Myles Thaler, landscape architectMyles H. Thaler, a...


December 09, 1992

Myles Thaler, landscape architect

Myles H. Thaler, a Baltimore native and a landscape architect who was in charge of buildings and grounds at the National Naval Medical Center in Bethesda, died Sunday of cancer at the Washington Home, a hospice.

The 41-year-old former Washington resident had held the hospital post since last year.

He had been administrator of the Naval Observatory from 1979 until 1991, caring for facilities that included the residence of the vice president, which was occupied by four different families during his tenure.

He had been in private practice in the Washington area before taking the post at the Naval Observatory.

Born in Baltimore and a graduate of the Polytechnic Institute, he was, in 1973, a member of the first graduating class of the School of Landscape Architecture at the University of Virginia.

In 1990, he endowed a perpetual lecture on landscape architecture at the University of Virginia, where he also designed and built a meditation garden at the medical school, providing an endowment for its upkeep.

He is survived by his parents, Herbert A. and Vivian Thaler of Pikesville; two brothers, David S. Thaler of Baltimore and Herbert A. Thaler Jr. of Pikesville; and several nieces and nephews.

Private services were planned.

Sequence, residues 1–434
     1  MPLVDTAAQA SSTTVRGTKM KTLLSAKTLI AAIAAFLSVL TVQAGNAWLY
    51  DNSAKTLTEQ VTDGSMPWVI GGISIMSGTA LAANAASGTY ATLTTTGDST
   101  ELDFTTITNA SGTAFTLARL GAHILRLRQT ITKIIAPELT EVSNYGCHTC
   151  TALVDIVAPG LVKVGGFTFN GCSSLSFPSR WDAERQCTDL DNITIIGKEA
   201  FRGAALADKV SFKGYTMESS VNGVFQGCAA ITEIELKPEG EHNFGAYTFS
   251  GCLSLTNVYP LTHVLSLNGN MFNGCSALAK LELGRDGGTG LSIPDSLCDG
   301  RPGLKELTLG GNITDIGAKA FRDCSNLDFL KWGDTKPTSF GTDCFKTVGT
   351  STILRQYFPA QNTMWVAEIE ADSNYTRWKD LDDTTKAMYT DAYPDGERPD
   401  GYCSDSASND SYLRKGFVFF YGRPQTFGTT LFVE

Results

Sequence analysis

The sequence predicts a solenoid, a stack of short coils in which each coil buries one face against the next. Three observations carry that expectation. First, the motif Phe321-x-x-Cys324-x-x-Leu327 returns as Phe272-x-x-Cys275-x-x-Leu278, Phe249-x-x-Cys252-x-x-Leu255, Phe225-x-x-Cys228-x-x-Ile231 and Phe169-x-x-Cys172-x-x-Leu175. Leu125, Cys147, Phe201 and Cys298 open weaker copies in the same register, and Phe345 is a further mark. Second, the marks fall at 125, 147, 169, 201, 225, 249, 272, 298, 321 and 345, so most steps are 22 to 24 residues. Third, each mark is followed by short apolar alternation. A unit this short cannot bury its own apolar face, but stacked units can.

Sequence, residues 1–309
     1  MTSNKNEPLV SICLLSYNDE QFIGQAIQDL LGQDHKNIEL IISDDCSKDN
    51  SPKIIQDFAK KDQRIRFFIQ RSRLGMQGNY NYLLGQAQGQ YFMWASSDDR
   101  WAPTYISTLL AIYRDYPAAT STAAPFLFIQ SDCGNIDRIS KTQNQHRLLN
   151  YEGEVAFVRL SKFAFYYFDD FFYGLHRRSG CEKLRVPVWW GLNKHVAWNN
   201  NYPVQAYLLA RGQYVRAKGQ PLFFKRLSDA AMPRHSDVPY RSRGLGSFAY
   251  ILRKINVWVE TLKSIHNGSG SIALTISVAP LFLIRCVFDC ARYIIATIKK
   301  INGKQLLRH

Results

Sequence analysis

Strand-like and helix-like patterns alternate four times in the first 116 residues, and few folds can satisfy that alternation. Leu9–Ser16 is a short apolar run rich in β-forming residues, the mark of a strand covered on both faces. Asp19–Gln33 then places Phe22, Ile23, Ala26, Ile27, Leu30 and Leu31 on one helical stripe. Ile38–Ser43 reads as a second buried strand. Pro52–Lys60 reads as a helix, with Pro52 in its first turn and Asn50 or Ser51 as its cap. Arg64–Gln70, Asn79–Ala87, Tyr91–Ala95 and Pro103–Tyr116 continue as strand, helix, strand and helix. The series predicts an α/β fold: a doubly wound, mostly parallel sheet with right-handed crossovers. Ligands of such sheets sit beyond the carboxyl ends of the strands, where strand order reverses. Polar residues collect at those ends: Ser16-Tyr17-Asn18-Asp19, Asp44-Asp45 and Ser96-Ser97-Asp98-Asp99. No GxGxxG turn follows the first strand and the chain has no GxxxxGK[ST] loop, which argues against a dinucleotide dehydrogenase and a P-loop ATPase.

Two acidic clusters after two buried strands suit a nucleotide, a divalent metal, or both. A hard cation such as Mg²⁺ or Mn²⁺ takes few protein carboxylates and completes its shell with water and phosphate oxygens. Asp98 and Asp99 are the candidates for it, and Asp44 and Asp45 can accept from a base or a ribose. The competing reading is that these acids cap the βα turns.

Jack Carlson, an economist, budget specialist and economic spokesman for U.S. business interests, died of a heart attack Monday in Suburban Hospital in Potomac at age 59.

Services for Mr. Carlson, who lived in Potomac, will be conducted at noon tomorrow at the Church of Jesus Christ of Latter-day Saints, 11700 Falls Road, Potomac.

The Potomac resident served as assistant secretary of interior -- for energy and minerals under President Gerald R. Ford in 1976.

Before that, he was assistant director of the Office of Management and Budget under President Richard M. Nixon, and a staff member of the Council of Economic Advisers during the Nixon and Johnson administrations.

After leaving the government in 1976, Mr. Carlson ran unsuccessfully against Sen. Orrin G. Hatch in a Republican RTC primary in Utah. He later served as head of the National Association of Realtors and the American Association of Retired Persons.

Born in 1933 in Salt Lake City, he received a doctorate in economics from Harvard University before beginning his career in government service.

In recent years, Mr. Carlson was chairman of the Center for Educational Competitiveness and co-director of the National Commission on Executive Compensation, where he supported the policy of linking executive compensation to company performance.

He is survived by his wife, the former Renee Pyott; three daughters, Catherine Candland of Greenwich, Conn., Christine Point of Wilmington, N.C., and Diane Robinson of Pelham, N.Y.; four sons, Steven of Pelham, John of Bethesda, David of Zurich and Paul of Potomac; and 14 grandchildren.

Baltimore Sun Articles
Please note the green-lined linked article text has been applied commercially without any involvement from our newsroom editors, reporters or any other editorial staff.